The light from Mount Zion, however, pierces the blackest darkness. Jesus’ forgiveness covers the greatest sins. His grace is there to help in the worst situations. The life He gives extends through this earthly existence all the way into eternity.
As people are drawn to the light of Mount Zion, they themselves become lights. We not only walk in the light, we are to draw others into it. Jesus says, “You are the light of the world. A city on a hill cannot be hidden…Let your light shine before men” (Matthew 5:14, 16).
How are we shining? We send missionaries to Africa and India. As a congregation we are working to reach out to those in our community who are not now walking in the Savior’s light. And we have even more opportunities as individuals to shine out. Let your light shine by keeping your priorities in order. Let your children and friends see by how you manage your time that Jesus is more important than parties, games, and work bonuses. Share the message of a Savior in your cards and conversations. Invite everyone you can to come to Mount Zion and see Jesus as the light of the world.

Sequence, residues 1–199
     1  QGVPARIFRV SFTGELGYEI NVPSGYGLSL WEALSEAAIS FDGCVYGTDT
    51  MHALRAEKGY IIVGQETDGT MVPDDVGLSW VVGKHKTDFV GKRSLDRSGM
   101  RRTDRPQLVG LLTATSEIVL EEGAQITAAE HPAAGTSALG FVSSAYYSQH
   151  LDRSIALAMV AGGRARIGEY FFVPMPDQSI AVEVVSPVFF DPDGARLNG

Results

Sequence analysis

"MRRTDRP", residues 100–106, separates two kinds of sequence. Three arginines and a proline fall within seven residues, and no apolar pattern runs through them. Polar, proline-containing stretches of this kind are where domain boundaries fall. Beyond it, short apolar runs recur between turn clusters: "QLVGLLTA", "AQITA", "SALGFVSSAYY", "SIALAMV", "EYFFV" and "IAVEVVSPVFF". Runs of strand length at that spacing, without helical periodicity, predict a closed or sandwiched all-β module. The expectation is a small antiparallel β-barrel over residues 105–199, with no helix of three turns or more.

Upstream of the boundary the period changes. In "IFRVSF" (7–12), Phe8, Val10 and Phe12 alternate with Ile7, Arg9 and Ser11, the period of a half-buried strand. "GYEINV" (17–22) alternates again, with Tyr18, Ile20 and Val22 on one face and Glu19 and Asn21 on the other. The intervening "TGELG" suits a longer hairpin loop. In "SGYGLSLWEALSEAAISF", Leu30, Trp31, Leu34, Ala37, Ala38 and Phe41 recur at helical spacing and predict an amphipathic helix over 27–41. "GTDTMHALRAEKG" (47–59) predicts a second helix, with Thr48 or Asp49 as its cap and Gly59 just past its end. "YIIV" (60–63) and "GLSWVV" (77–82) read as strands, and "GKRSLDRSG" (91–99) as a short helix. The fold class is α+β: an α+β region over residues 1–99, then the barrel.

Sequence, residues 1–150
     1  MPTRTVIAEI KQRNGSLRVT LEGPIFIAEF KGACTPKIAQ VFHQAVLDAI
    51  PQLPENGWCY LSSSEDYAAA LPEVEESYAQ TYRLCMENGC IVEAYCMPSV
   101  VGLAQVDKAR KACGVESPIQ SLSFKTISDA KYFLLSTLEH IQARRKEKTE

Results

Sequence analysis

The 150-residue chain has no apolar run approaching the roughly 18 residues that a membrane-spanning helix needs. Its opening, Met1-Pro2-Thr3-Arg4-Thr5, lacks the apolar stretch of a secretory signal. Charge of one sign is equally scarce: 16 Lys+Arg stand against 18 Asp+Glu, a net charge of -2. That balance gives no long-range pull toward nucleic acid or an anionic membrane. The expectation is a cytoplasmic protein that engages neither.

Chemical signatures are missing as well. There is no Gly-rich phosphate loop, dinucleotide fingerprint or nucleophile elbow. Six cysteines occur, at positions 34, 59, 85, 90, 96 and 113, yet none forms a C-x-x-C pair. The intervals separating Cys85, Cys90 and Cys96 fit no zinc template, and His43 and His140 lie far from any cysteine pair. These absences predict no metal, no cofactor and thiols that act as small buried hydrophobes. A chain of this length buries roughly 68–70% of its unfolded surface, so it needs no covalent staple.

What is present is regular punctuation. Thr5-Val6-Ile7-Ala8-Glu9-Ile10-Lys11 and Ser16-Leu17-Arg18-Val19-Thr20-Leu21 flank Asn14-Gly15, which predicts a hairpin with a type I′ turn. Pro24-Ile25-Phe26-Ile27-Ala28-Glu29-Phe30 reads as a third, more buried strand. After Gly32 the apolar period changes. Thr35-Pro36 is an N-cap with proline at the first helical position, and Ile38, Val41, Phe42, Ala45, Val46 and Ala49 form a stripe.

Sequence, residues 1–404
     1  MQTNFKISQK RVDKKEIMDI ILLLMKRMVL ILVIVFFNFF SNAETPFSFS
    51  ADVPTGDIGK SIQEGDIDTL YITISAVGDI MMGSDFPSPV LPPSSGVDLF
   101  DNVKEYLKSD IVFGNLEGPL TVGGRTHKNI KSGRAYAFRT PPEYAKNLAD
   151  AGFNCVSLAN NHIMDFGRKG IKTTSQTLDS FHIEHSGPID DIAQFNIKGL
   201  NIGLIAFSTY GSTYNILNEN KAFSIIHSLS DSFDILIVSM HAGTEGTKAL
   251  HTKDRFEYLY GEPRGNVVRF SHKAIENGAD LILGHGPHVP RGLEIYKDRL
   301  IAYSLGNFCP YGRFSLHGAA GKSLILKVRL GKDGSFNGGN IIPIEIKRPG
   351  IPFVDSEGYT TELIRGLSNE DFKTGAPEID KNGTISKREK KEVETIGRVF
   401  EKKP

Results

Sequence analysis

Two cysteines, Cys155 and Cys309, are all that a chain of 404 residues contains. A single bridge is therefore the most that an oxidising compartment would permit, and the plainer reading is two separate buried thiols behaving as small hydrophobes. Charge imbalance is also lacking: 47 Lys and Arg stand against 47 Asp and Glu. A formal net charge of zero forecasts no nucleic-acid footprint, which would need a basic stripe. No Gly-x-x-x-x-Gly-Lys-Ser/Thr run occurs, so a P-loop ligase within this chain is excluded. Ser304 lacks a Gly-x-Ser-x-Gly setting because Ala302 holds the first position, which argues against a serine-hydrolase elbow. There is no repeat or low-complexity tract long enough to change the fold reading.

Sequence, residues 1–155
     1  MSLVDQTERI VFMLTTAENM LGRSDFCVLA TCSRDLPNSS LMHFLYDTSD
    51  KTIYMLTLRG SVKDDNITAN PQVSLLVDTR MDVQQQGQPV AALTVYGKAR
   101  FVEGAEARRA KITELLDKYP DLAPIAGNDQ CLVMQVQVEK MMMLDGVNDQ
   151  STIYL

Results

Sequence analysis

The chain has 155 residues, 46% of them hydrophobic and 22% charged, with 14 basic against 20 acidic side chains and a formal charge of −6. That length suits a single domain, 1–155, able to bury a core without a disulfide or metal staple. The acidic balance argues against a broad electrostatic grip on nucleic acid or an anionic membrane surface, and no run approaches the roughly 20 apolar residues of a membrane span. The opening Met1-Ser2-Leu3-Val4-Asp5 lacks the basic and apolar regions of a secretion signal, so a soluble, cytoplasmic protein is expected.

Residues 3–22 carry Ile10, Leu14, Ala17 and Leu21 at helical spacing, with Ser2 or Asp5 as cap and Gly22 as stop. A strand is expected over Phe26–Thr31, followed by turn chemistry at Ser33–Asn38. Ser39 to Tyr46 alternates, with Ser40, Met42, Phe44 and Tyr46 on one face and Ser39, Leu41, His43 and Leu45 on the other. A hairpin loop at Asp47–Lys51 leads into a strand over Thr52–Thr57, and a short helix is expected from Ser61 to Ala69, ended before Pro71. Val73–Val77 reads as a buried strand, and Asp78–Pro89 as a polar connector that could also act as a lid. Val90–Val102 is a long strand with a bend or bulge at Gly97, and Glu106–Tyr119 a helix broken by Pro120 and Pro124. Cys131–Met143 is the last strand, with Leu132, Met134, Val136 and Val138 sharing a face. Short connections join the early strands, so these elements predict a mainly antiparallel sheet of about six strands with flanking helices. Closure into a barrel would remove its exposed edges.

Christmas lights can create a peaceful mood, but it is really just a temporary illusion. The underlying restlessness still remains. At this time of year people dream of “peace on earth,” and imagine a world without war or conflicts of any kind. When it doesn’t happen, they wonder why. The light from Mount Zion does bring peace, but it is not the outward, earthly type the world envisions. The Savior’s peace is a deeper, permanent one. It works from the inside out. It is the perfect peace between God and man which Jesus earned on the cross and which is applied to our hearts by faith. Martin Luther wrote: “The way of peace is simply to rely, without merits, no, despite the greatest demerits, on the mercy of the Lord, just as the psalm bids us do: ‘Cast your burden on the Lord.’”